David Dickson personal blog about

Regular expressions cheat sheet

Regular expressions are a sequence of characters that define a search pattern used to perform operations on strings. Once you have learned the basic syntax you can use this tool in almost all programming languages.

That said there are a variety of syntaxes such as the POSIX standard and Perl compatible regular expressions (PCRE). To confuse things more the POSIX standard splits implementations into two kinds, basic regular expressions (BRE) and extended regular expressions (ERE) with the key difference being the behavior of a few special characters. The Python re module adopts syntax similar to Perl’s.

Throughout my career I found myself having to write regular expressions for various tasks, although I never really took the time to fully absorb the language and would find myself searching online for solutions or a reminder of the syntax. So as to consolidate my understanding once and for all I wrote myself this cheat sheet.

Character classes

. any character except new line
\w word
\W not word
\d digit
\D not digit
\s white space
\S not white space


^ beginning of line
\A beginning of input
$ end of line
\Z end of input
\b a word boundary
\B a non word boundary


? 0 or once
* 0 or more
+ 1 or more
{n} exactly n
{n,} n or more
{n,m} between n and m
x? add ? to a quantifier to make it not greedy

Groups and ranges

a|b a or b
[abc] a, b or c
[^abc] not (a or b or c)
[a-q] letters from a to q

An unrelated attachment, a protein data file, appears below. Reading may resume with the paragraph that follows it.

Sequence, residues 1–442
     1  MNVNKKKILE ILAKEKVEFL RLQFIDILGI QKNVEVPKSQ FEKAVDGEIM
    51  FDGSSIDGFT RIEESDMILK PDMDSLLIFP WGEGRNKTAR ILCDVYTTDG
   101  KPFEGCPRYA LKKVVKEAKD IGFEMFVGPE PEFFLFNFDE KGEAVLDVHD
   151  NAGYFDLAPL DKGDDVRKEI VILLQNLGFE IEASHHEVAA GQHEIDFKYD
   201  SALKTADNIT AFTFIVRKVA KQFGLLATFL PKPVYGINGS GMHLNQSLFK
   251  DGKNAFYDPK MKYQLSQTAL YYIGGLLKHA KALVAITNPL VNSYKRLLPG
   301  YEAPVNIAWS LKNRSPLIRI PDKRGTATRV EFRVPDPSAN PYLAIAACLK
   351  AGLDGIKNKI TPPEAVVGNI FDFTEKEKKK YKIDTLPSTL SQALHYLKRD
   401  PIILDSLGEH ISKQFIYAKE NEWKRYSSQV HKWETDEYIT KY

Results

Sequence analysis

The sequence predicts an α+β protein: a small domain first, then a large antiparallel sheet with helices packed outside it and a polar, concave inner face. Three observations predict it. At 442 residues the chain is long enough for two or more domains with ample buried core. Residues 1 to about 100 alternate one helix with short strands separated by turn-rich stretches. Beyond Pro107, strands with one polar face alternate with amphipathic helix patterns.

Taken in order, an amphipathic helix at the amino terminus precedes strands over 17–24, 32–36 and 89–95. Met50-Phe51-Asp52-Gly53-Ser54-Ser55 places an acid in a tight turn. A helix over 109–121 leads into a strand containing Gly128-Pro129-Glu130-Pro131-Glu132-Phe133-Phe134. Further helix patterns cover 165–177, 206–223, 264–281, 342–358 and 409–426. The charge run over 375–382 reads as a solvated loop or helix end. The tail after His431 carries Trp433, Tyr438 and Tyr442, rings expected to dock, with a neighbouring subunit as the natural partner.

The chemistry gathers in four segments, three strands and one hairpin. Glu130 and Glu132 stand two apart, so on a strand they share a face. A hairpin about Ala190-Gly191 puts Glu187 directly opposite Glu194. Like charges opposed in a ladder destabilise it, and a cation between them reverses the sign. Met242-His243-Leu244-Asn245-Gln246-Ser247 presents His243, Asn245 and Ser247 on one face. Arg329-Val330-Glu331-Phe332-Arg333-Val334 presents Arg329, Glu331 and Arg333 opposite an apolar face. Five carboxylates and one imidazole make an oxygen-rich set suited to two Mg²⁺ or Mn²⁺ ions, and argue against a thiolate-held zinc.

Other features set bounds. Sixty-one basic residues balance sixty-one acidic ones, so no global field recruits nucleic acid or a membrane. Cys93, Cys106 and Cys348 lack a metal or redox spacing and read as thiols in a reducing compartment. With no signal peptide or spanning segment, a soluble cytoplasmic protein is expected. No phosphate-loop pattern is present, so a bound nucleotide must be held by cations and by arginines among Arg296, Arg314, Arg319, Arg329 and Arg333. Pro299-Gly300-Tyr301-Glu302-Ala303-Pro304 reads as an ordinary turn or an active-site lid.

[0-7] digits from 0 to 7
() group
(?:regex) non capturing group
(?<name>) name a group
\n refers to matched group starting at 1
(?P=name) back reference to a named group


(?=regex) lookahead positive
(?!regex) lookahead negative
(?<=regex) lookbehind positive
(?<!regex) lookbehind negative
(?(<n>)<yes-regex>|<no-regex>) group number
(?(<name>)<yes-regex>|<no-regex>) group name

Regular expressions in Python

re.search() first location where pattern produces a match
re.match() matches pattern at the beginning of string
re.fullmatch() whole string matches pattern
re.findall() all non-overlapping matches of pattern
re.finditer() iterator yielding non-overlapping matches
re.sub() substitute pattern in string

By creating this cheat sheet my hope is to have consolidated my understanding of regular expression. While researching it was fun going a little deeper on some of the more advanced features such as lookaheads which definitely gave me a renewed appreciation of what is possible with the language.